Award Awarding Organization Year
-- -- --


Affiliation Year
AFP (Association of Fundraising Professionals) --
Associated Grant Makers --
Massachusetts Association of 766-Approved Private Schools --
Massachusetts Council of Human Service Providers --
Member of state association of nonprofits? Yes
Name of state association Massachusetts Nonprofit Network

External Assessments and Accreditations

External Assessment or Accreditation Year
Commission on Accreditation of Rehabilitation Facilities (CARF) - Adult Day Services - 3 year 2012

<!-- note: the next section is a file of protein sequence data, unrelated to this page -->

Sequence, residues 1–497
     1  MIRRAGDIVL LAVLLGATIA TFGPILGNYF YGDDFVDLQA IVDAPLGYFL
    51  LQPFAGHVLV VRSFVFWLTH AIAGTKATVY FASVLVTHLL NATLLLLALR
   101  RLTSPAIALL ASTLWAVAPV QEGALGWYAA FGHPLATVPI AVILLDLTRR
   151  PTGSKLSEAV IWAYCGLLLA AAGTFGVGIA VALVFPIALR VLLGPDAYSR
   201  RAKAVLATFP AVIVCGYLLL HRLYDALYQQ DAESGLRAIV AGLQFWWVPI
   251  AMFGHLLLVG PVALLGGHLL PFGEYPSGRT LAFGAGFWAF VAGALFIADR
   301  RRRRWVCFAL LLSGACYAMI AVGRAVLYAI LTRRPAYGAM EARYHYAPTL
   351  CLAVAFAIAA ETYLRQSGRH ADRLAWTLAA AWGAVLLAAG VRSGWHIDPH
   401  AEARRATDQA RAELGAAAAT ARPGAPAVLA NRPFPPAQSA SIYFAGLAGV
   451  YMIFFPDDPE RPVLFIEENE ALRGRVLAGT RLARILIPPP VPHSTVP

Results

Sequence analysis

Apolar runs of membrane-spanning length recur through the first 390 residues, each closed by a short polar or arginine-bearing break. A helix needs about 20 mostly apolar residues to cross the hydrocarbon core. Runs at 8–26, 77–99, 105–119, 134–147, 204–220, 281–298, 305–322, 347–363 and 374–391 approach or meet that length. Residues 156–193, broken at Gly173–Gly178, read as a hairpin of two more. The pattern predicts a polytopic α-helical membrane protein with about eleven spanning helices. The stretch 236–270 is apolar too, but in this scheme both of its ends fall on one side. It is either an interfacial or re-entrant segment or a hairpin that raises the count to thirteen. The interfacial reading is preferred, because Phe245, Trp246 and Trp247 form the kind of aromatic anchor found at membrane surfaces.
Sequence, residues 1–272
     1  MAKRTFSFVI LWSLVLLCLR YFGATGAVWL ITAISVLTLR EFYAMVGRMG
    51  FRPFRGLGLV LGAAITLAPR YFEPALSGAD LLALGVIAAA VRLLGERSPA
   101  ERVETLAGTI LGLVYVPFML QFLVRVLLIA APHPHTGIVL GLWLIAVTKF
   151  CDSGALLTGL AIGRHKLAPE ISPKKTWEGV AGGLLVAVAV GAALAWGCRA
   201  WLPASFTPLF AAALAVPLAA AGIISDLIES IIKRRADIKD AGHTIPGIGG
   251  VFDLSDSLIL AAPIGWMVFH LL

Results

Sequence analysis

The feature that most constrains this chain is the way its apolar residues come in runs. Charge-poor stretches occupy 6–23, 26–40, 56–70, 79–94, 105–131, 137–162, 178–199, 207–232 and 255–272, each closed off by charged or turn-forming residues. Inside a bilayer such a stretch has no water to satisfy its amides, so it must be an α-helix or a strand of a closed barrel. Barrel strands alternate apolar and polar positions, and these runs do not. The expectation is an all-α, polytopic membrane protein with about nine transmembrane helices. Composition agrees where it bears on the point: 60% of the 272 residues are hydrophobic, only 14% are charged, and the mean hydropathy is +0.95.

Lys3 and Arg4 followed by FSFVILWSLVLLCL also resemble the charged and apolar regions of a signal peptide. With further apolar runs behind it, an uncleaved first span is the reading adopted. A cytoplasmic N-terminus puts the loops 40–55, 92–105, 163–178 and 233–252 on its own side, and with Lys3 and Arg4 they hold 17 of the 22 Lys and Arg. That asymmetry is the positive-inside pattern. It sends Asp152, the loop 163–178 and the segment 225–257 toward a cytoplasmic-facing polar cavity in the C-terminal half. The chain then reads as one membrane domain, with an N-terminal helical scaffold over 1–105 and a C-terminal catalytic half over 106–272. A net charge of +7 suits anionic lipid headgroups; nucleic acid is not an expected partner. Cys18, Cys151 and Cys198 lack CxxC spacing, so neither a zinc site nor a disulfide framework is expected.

MAB partners with over 20 local businesses that provide internships, volunteer opportunities and paid employment for our clients.The MABVI division partners with Boston Medical Center, the New England Eye Institute, Sargent College at Boston University, MetroWest Eye Care and nine affiliated optometrists who see MABVI patients and refer them to Occupational Therapy services. Our Medical Director – Dr. Jennifer Salvo, OD plays a key role in helping to build and sustain these effective cross-agency partnerships. The MA Commission for the Blind has also been a long-time collaborator. Our Springfield low vision center operates in space donated by Dr. Ted Ingis, a MAB Board member and our Holyoke center is located inside the Holyoke Health Center. We also partner with the Museum of Fine Arts Boston to organize accessible guided art tours for MABVI clients. MABVI is part of Massachusetts Agencies and Organizations Serving Individuals Who Are Blind or Visually Impaired and the Massachusetts Healthy Aging Collaborative. MABVI partners with National Braille Press and the Carroll Center for the Blind to host a collaborative fundraising event, the Blindfold Challenge at the BAA 5K. Teams of blindfolded runners and sighted guides ran to raise awareness and funds for the visually impaired.